Due in part to the popularity of the Davenport, squash has surged in the river city with competitive ladders and leagues in several clubs and teams competing at local high schools. Given the level of exercise and excitement, the sport’s popularity looks to continue to crest in the United States and around the world, with squash officials aiming earnestly at the 2016 Olympics. The heads of both the U.S. and world squash tournament governing bodies were in town for the event and wowed by Richmond’s leadership in the sport.

The Davenport North American Open is indisputably a top professional squash tournament in the world and bested in the United States only by the Tournament of Champions in New York City. One of the many world-class happenings in the RVA, if you happen to look around.

I was fortunate enough to enjoy dinner out in The Fan last week with some of the players and others involved with the tournament. After dinner, the excited chef came out to say hello and asked, “So, who is the Tiger of squash?” The answer happened to be standing right next to us. Oh yeah, Phil, Sergio, Vijay and Ogilvy were all there too. Five of the top nine athletes in an elite sport all out sharing a post-match meal and a lot of laughs together. Pretty cool for Richmond. Or anywhere.

(Photos courtesy of Patricia Lyons Photography)

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Ted Elmore

3 comments on Squash Championship comes to Richmond (the sport, not the food)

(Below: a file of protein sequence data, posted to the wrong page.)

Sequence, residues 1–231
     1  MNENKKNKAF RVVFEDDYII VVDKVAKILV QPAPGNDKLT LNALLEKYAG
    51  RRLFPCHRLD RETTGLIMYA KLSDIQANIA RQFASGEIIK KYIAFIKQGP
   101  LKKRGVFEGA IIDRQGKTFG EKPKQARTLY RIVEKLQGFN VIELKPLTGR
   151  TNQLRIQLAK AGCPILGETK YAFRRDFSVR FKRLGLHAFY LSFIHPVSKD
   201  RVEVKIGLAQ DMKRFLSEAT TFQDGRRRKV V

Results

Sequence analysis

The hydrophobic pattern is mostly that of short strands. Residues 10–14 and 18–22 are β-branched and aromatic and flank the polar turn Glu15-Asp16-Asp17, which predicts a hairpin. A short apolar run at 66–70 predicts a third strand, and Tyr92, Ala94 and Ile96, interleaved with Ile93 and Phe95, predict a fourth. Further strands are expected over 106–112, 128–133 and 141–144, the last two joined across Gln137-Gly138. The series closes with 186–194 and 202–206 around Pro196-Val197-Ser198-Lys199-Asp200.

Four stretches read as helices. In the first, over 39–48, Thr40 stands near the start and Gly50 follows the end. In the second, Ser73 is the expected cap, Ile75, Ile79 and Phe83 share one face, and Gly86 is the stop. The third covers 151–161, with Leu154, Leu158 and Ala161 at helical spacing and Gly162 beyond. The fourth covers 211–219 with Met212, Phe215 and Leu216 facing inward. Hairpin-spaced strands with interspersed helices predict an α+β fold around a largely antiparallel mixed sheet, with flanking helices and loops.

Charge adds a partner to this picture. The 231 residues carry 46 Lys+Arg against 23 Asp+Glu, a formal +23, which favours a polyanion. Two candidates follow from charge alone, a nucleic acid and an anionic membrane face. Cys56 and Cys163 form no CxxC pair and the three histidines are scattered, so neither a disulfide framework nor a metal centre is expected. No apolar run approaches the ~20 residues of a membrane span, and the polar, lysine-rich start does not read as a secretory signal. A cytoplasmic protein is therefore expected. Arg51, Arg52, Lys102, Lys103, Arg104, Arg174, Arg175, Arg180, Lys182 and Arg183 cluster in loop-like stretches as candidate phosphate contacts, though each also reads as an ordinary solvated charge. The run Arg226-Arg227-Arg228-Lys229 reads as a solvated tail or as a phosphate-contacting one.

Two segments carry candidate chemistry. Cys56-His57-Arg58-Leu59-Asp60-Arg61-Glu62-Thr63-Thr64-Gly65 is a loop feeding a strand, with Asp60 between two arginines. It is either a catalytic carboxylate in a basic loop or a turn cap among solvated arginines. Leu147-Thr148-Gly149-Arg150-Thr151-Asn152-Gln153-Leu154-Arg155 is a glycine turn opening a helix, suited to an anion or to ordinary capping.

1. Erik B on said:

    I love how ‘ordinary’ the squash champions look. Not exactly guys who would cause your head to turn if you saw them on the street.

    And ‘ball abuse’. . . what’s that? Sounds like something Jack Goes Forth might want to comment on.

  2. Justin on said:

    Dammit, you need to let me know in advance for stuff like this. Fortunately the Squash Championships of CAA Basketball happen this weekend, and I have a front row (media pass) seat.

  3. R Day on said:

    Great piece. Though I missed all the matches leading up to the final, fortunately I made the final with prime seat facing the back wall. Great for seeing drop shot wars.

    In Baltimore, there are over a dozen squash court facilities, including Meadowmill, which has 14 singles courts and 2 doubles (almost twice the size). DC has not quite as many, but still the number of courts in those two cities squashes the number we have. But look at Tidewater, and there are maybe 3 courts total.

    It would be great if there were more wonderful articles like this (pre-event, as well as post) promoting this great game. I have participated in tennis, biking, running, soccer, racquetball, and squash. Squash is by far the most physically demanding, and anyone like me that is lazy, truly gets more excercise in a competitive, but friendly game, like squash. I can not say enough good things about it.

    If interested, please check it out at the James Center YMCA, but note that there are courts at MCV, Country Club of Virginia, Westwood, and Commonwealth Club. The most accessible for the money is the Y, and they have a ladder, occassional round robins, and even clinics and lessons can be arranged.

    If you want to just see how the game is played, you can find some clips at YouTube, but nothing compares to actually playing. As I have said for years, if beach volleyball can be an Olympic sport, then it is shameful that Squash has not yet made it into the games. Check it out.